Northern hemisphere distribution. Circumpolar. Northern Fennoscandian, KaninPechora, Svalbard Franz Joseph Land, Polar Ural Novaya Zemlya, YamalGydan, Taimyr Severnaya Zemlya, AnabarOlenyok, Kharaulakh, YanaKolyma, West Chukotka, Wrangel Island, South Chukotka, East Chukotka, West Alaska, North Alaska Yukon, Central Canada, Labrador Hudson Bay, Ellesmere Land Peary Land, West Greenland, East Greenland.
General notes. Elven et al. (2003) noted that the growth form of this species varies depending upon the habitat. The infructescences are characteristically narrow, much elongated, and with the siliques widely spaced. From the Nordic experience, it is difficult to recognise the Alaskan plants as the same species. The wide morphological variation, and also the ploidy variation, indicates some structure that might be recognisable taxonomically (Elven, in Elven et al. 2003).
Illustrations. • Habitat: Baffin. Plants with white flowering heads growing in dense moss. Nunavut, Baffin Island, Iqaluit. Aiken and Mallory 02–006. CAN. Scale bar in cm. • Plant growing beside rock: Baffin, Iqaluit. Plant about 10 cm tall, growing beside the marker, in the shelter of a rock. Nunavut, Baffin Island, Iqaluit, Sylvia Grinnell Park. 1 August, 2005. Aiken 05–071. CAN 586943. • Close-up of plant. Plant about 10 cm tall, growing beside the marker, in the shelter of a rock. Nunavut, Baffin Island, Iqaluit, Sylvia Grinnell Park. 1 August, 2005. Aiken 05–071. CAN 586943. • Habitat. Isolated plant growing in cryptogamic mat between rocks. Nunavut, Baffin Island, Cape Dorset. 3 August, 2005. Aiken. No voucher. • Close-up of plant. Plants with simple entire glabrous leaves and a small cluster of white flowers. Nunavut, Baffin Island, Iqaluit. Aiken and Mallory 02–067. CAN. • Surface view of flower. A flower with four white petals, 6 dehisced anthers, and purple-red developing siliques. Note sessile, capitate stigmas. Aiken and Mallory 02–010. CAN. • Plant setting fruits: Dorset. Plant about 15 cm high with inflorescence elongating as fruit develops. Nunavut, Baffin Island, Cape Dorset. 7 August, 2005. Aiken. No voucher. Scale bar in cm. • Close-up of flower and fruiting body. Drawing by Mrs. S. Bergh and Mrs. L. Barstad based on a collection from Svalbard, Dickson Land, Dickson Bay, Oxaas dal. 26 August, 1924. J. Lid. O 201285. With permission of the Botanical Museum, University of Oslo, Norway. • Arctic Island Distribution.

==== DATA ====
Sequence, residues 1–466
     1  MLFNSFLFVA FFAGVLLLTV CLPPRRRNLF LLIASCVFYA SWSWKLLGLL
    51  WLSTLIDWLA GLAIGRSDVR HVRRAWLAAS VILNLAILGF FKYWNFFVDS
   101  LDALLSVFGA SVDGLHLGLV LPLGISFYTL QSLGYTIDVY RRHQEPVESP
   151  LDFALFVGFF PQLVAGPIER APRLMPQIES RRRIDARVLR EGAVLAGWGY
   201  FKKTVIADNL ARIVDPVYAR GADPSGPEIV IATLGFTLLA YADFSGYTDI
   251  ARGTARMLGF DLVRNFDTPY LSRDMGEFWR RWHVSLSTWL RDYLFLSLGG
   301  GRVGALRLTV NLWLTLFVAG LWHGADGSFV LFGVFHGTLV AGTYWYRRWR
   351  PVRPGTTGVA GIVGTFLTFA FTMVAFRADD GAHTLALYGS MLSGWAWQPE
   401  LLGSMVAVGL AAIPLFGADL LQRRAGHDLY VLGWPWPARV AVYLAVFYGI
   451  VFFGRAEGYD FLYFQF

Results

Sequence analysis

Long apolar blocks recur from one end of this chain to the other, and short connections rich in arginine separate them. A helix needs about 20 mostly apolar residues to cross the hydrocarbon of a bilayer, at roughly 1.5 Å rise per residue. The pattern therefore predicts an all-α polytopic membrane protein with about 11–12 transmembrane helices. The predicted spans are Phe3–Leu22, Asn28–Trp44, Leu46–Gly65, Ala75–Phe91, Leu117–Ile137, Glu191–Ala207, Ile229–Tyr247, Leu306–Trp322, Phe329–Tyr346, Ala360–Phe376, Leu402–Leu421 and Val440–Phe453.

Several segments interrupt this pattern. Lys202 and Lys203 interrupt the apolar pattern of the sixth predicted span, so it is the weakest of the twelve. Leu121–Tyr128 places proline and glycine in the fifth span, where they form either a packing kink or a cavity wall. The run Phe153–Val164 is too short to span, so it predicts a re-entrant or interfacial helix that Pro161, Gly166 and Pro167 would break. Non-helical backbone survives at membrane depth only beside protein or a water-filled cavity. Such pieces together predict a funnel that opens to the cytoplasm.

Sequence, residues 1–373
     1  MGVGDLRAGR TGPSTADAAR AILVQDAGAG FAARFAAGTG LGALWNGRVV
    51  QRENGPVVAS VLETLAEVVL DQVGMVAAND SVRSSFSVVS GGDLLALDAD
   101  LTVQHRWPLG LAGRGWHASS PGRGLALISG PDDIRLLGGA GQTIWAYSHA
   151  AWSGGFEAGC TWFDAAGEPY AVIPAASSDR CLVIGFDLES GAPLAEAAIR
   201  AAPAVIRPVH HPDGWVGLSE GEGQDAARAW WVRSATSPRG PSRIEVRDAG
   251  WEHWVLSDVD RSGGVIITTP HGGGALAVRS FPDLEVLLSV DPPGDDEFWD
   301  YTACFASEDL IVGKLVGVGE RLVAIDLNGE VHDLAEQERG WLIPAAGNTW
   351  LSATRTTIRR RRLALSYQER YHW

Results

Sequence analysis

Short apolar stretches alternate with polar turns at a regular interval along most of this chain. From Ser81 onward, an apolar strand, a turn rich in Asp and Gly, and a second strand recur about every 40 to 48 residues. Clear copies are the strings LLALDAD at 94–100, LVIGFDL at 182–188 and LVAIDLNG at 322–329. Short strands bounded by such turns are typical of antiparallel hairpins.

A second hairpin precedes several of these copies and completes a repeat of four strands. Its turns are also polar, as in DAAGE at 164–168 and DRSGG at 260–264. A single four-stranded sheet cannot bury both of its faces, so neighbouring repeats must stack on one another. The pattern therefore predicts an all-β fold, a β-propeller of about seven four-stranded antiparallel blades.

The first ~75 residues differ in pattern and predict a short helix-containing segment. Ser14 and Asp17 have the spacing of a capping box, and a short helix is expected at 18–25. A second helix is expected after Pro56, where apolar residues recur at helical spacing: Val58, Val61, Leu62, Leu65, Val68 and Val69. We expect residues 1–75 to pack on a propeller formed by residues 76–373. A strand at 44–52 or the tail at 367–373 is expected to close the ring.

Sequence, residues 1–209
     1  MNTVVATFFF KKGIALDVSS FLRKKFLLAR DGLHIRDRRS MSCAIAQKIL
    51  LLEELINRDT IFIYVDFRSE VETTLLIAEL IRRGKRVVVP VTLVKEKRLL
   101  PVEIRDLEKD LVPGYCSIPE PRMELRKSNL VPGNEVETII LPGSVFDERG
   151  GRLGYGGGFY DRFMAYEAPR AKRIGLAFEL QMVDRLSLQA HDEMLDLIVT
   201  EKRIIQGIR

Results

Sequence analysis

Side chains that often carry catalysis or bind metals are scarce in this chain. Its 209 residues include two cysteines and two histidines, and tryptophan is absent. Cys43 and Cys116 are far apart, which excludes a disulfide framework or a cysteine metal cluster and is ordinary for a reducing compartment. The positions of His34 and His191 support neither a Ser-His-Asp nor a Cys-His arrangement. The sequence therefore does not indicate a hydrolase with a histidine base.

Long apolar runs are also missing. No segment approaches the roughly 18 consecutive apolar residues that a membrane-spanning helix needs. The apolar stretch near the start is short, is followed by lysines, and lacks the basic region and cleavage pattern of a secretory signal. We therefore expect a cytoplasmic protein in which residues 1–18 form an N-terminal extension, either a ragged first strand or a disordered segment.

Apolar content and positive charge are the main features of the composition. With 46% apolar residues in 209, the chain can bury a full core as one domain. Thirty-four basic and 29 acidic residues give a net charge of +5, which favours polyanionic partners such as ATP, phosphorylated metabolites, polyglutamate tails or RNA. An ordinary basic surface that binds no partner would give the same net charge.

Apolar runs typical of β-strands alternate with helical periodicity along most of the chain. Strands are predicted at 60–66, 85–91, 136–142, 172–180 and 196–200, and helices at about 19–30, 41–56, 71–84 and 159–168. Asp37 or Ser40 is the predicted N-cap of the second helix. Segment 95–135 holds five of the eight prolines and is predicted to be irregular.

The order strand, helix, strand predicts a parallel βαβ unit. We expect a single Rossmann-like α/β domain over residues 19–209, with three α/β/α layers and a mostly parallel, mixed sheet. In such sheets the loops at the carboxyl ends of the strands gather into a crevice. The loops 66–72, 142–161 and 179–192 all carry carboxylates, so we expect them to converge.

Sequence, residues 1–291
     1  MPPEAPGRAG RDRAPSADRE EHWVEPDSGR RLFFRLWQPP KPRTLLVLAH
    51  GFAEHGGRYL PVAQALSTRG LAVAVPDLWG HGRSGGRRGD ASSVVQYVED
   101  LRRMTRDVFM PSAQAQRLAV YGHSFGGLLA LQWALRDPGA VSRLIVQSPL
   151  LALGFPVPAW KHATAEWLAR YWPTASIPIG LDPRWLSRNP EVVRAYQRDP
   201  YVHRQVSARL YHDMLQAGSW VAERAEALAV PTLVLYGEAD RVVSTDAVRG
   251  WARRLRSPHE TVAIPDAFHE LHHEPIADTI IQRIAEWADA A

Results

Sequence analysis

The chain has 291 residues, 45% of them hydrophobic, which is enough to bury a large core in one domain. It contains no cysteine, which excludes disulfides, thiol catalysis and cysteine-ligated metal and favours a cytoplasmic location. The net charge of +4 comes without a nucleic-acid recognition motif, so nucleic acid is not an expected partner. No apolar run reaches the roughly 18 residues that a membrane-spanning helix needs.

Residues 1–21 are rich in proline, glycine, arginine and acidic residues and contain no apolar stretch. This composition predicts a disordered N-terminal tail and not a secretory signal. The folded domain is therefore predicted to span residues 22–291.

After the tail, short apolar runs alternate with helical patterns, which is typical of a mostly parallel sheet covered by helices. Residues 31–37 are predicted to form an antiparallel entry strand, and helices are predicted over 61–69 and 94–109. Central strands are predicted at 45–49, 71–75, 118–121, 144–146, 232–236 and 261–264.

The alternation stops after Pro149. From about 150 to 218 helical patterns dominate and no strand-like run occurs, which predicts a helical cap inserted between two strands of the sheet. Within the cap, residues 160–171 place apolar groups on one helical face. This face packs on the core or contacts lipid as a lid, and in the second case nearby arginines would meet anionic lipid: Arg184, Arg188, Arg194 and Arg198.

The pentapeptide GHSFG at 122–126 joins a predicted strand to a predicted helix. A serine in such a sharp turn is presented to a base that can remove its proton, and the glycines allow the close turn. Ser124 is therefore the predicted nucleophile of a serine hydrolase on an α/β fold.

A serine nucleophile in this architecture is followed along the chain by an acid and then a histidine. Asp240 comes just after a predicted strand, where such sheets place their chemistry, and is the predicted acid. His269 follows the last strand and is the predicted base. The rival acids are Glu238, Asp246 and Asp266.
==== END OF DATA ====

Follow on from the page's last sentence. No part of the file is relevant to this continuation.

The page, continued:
This publication is available on the internet (posted May 2011) and on CD-ROM (published in 2007). These versions are identical in content, except that the errata page for CD-ROM is accessible on the main index page of the web version.
Recommended citation for the web-based version of this publication: Aiken, S.G., Dallwitz, M.J., Consaul, L.L., McJannet, C.L., Boles, R.L., Argus, G.W., Gillett, J.M., Scott, P.J., Elven, R., LeBlanc, M.C., Gillespie, L.J., Brysting, A.K., Solstad, H., and Harris, J.G. 2007. Flora of the Canadian Arctic Archipelago: Descriptions, Illustrations, Identification, and Information Retrieval. NRC Research Press, National Research Council of Canada, Ottawa. http://nature.ca/aaflora/data, accessed on DATE.
Recommended citation for the CD-ROM version of this publication: Aiken, S.G., Dallwitz, M.J., Consaul, L.L., McJannet, C.L., Boles, R.L., Argus, G.W., Gillett, J.M., Scott, P.J., Elven, R., LeBlanc, M.C., Gillespie, L.J., Brysting, A.K., Solstad, H., and Harris, J.G. 2007. Flora of the Canadian Arctic Archipelago: Descriptions, Illustrations, Identification, and Information Retrieval. [CD-ROM] NRC Research Press, National Research Council of Canada, Ottawa..